In class assignment after video: In your journal answer the following question: Describe a time when you felt like you were treated different because of something out of your control.  How did it make you feel?  Why did they treat you different? What effects did the different treatment have on you or the situation?  

Week 2

Monday’s ELA Content*“‘Even I Have my Fears’: How Angie Thomas and ‘The Hate U Give’ went from Belhaven U. to the Big Screen” by Sereena Henderson
*Class Discussion
  Major topics or activities  Read aloud “‘Even I Have my Fears’: How Angie Thomas and ‘The Hate U Give’ went from Belhaven U. to the Big Screen” by Sereena Henderson

Brief discussion over Angie Thomas

Once finished, in your journal write down facts about Angie Thomas found within the article. (Save for later assignment)

Journal Prompt: In your journal, explain how music is used to convey a message to listeners and society.  Why do we listen to music? Does the message within songs matter?

Homework: Read chapters 1-2 from The Hate U Give for Tuesday’s class  
Tuesday’s ELA Content*The Hate U Give by Angie Thomas à “Who do U Believe In” by Tupac
*Class Discussion and Small Group Work
  Major topics or activities  Quiz over chapters 1-2 from The Hate U Give to check for comprehension

Student Led Discussion: Each student is assigned a chapter(s) to discuss with the class for 10 minutes each day.  The discussion leader for the day will take over for at least 10 minutes after the quiz.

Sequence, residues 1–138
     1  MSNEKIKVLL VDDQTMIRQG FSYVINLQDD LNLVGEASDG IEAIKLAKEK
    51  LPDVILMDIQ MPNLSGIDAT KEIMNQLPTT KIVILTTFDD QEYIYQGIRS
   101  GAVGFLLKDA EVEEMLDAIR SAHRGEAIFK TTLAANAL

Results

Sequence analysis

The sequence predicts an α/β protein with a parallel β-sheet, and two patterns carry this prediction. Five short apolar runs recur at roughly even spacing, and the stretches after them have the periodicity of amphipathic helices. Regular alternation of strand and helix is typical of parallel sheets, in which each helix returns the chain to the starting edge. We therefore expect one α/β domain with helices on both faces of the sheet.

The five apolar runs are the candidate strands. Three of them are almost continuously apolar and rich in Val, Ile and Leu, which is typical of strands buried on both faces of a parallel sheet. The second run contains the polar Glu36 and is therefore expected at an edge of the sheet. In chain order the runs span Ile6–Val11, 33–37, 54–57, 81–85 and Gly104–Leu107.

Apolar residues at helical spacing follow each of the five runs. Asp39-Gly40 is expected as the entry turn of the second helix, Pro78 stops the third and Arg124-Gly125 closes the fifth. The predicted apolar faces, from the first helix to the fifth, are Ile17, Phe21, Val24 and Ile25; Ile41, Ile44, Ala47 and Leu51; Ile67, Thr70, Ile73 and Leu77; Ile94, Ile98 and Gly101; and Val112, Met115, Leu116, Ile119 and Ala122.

Listen to Tupac’s “Who do U Believe In”

While listening, write down what you are thinking in your journal

Discuss students’ reactions to the song

In groups of two, jot down reasons why Tupac’s message is relevant, why do people listen to him?, how does this song relate to what we’ve read so far from The Hate U Give?

Discussion as a whole: What is THUG LIFE? — What is hate?  How does hatred affect others?  Why do we have hatred in the world?  Why would Tupac feel the need to tattoo THUG LIFE across his abdomen?  How do we stop hate?  How does THUG LIFE relate to the novel thus far?  Provide examples of hate within the novel.

Homework: Read chapters 3-4 from The Hate U Give for Tuesday’s class  
Wednesday’s ELA Content*The Hate U Give by Angie Thomas
*Theme Discussion and Venn Diagrams
  Major topics or activities  Quiz over chapters 3-4 from The Hate U Give to check for comprehension

Student Led Discussion: Each student is assigned a chapter(s) to discuss with the class for 10 minutes each day.  The discussion leader for the day will take over for at least 10 minutes after the quiz.

Themes: Loss and Grief — Discuss what it means to lose someone.  Is Starr’s life harder because of the losses she has faced?  Provide examples of Starr’s struggles due to loss thus far.  How does Starr and those around her handle death?  Provide examples.

Look at the conversation between Uncle Carlos and Maverick on pages 51-9.  Discuss each character’s views and how they are different?  Why are they different?  Make a Venn Diagram of the two different viewpoints. 

Homework: Read chapters 5-6 from The Hate U Give for Thursday’s class  
Thursday’s ELA Content*The Hate U Give by Angie Thomas
*Class Discussion, Venn Diagrams, and Small Group Work
  Major topics or activities  Quiz over chapters 5-6 from The Hate U Give to check for comprehension

Student Led Discussion: Each student is assigned a chapter(s) to discuss with the class for 10 minutes each day.  The discussion leader for the day will take over for at least 10 minutes after the quiz.

Two versions of oneself activity: make a Venn Diagram of who you are at school compared to who you are at home/outside of school